Pity poor old JJ. While there’s been a whirlwind of relationship drama happening around him, he’s not even had a chance to play around with so much as a card trick. Despite being on the autistic scale, JJ’s always been perhaps the most level headed of the gang. Even when he suddenly fell for Effy, he managed to stop himself from getting into too much of a tizzy.
Nowadays, JJ is a kid in a sweetshop. Working in a giant confectionary warehouse that looks like Wonka’s factory redesigned by an accountant. Happily flirting with old ladies at the tills, he has his own piece of eye candy in the form of Lara Lloyd. But owing to his not inconsiderable social disability, he just can’t bring himself to ask her out.
Days go by where he sings filthy songs with his mother (Sarah Jane Adventures and Pulling’s Juliet Cowan) in the car ride home. Reciting physics trivia and recording his own Captain’s Log, (just in case you were unsure of his socially awkward nerd status). Gazing up at his ceiling plucking his ukulele, the instrument of choice for quirky people. And ‘plucking his ukulele wink wink nudge nudge’ to the steamy sounds of George Formby. Thankfully, no one was cleaning his windows at the time.
But no actual progress occurs until Thomas (who seems to have suddenly lost his accent) steps in and JJ is forced to finally ask her out over the tannoy, which is surely forbidden in the company handbook. Broadcasting his intent to everyone in the warehouse, so y’know, no pressure or anything. The entire warehouse breathes a massive sigh of relief when she agrees and JJ is lit up like a thousand firework displays! But, now JJ also has the added problem of fugitive Cook dumped on him by Freddy like a malicious Father Christmas.
JJ’s not about to let this get him down, though, and heads off to Lara’s two hours early dressed as a prototype 11th Doctor. There’s another surprise, though, when it turns out there’s another man in Lara’s life, her baby son Albert. And if this wasn’t enough, her slightly possessive ex Liam is still around too. It all seemed so easy at first.
Things go from bad to worse on the date proper. though. Awkward silences in a Bristol pub do not a lovely atmosphere make. More awkwardness happens when Emily, the girl who took JJ’s virginity out of pity, bumps into the pair with her new ‘friend’ Mandy. But the final straw comes when JJ takes an unexpected gulpful of booze and spits it back into his would-be lady’sface. Oh dear.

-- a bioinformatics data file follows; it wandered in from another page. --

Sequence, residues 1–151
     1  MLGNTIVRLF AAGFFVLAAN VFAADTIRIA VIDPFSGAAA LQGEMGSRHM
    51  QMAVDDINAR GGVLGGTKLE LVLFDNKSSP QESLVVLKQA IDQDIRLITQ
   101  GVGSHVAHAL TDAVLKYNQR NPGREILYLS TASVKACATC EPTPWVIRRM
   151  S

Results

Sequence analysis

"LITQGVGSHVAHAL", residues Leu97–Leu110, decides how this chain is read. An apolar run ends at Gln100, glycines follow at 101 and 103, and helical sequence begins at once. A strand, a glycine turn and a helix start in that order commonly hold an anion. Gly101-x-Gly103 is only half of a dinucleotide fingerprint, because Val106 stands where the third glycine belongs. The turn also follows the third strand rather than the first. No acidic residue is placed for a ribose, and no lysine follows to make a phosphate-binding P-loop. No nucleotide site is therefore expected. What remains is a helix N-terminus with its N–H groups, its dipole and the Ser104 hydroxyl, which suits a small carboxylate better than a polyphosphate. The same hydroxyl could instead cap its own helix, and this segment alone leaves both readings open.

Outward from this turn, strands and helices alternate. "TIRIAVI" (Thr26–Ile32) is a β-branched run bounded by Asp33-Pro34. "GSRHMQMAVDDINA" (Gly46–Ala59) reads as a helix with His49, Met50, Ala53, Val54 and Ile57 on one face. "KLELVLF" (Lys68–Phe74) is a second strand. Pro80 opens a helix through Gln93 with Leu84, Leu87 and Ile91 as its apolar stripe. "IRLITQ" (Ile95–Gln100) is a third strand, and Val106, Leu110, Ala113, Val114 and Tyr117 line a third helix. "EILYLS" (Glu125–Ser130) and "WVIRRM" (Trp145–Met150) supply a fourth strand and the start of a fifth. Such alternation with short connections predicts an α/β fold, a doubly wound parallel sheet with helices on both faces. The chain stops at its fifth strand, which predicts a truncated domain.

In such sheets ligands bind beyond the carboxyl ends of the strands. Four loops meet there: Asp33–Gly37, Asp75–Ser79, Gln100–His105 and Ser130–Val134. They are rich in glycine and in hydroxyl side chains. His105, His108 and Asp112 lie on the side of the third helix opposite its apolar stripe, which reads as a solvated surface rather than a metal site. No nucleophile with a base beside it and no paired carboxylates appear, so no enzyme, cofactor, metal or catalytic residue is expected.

Our awkward hero takes it like a man and decides to leg it out of the toilet window. If only he was in the gents! However, Lara comes in to tell him the date’s off and JJ is left walking down Friendship Road, both literally and metaphorically. But another chance meeting has Lara giving it another go by giving JJ one. Over two whole days!
JJ and Lara are on love’s first wave and he’s keen to introduce her to his friends and family. Which would be nice except Naomi and Emily are still sniping at each other. Emily treis to convince JJ that Lara is just out to use him, that’s Emily the girl living with her girlfriend and cheating on her at every chance. Glass houses, anyone? And JJ’s mum Celia isn’t happy that her son’s girlfriend has an extra attachment.
Love for JJ seems a dim prospect. In fact, the very concept of relationships itself seems like a hopeless dream. His friends are all in various states of misery and his parents struggle to even share small talk. There’s only one thing to do for JJ, serenade the love his life with Spandau Ballet’s True backed up by a ukulele orchestra!
Instead of making Lara wish she was deaf, it wins her over and the young couple are all to eager to explore the final frontier.
This is the closest the current generation has come to recapturing the vitality of the first series. And the only episode this series not to end on a downer (so far). It’s an unashamedly heart warming tale of JJ overcoming his unspecified condition as well as prejudice from both his parents and friends. Oliver Barbieri’s stilted performance fits JJ like a glove and Georgia Henshawe’s Lara is pitched as a laconic wit. Perhaps a small tribute to another teen mother, Juno.
Despite feeling very much like an inner city Napoleon Dynamite at times, this episode rises above the usual stream of teen angst that has dominated this series. As a stand alone episode, it shows that Skins can be more than just a mix of sex, drugs and tears. And for once the lighter moments work well, rather than distract.
However, Naomi and Emily’s luvvy duvvy bubble seems to have been replaced by a giant ball of hate. Someone needs to shake them both down and scream at them, “This is not healthy behaviour!”, or just knock their heads together.
With only two episodes to go, can the rest of the gang shake themselves out of this funk? Or will they all be sat at home listening to My Chemical Romance?
Check out our review of episode 5 here.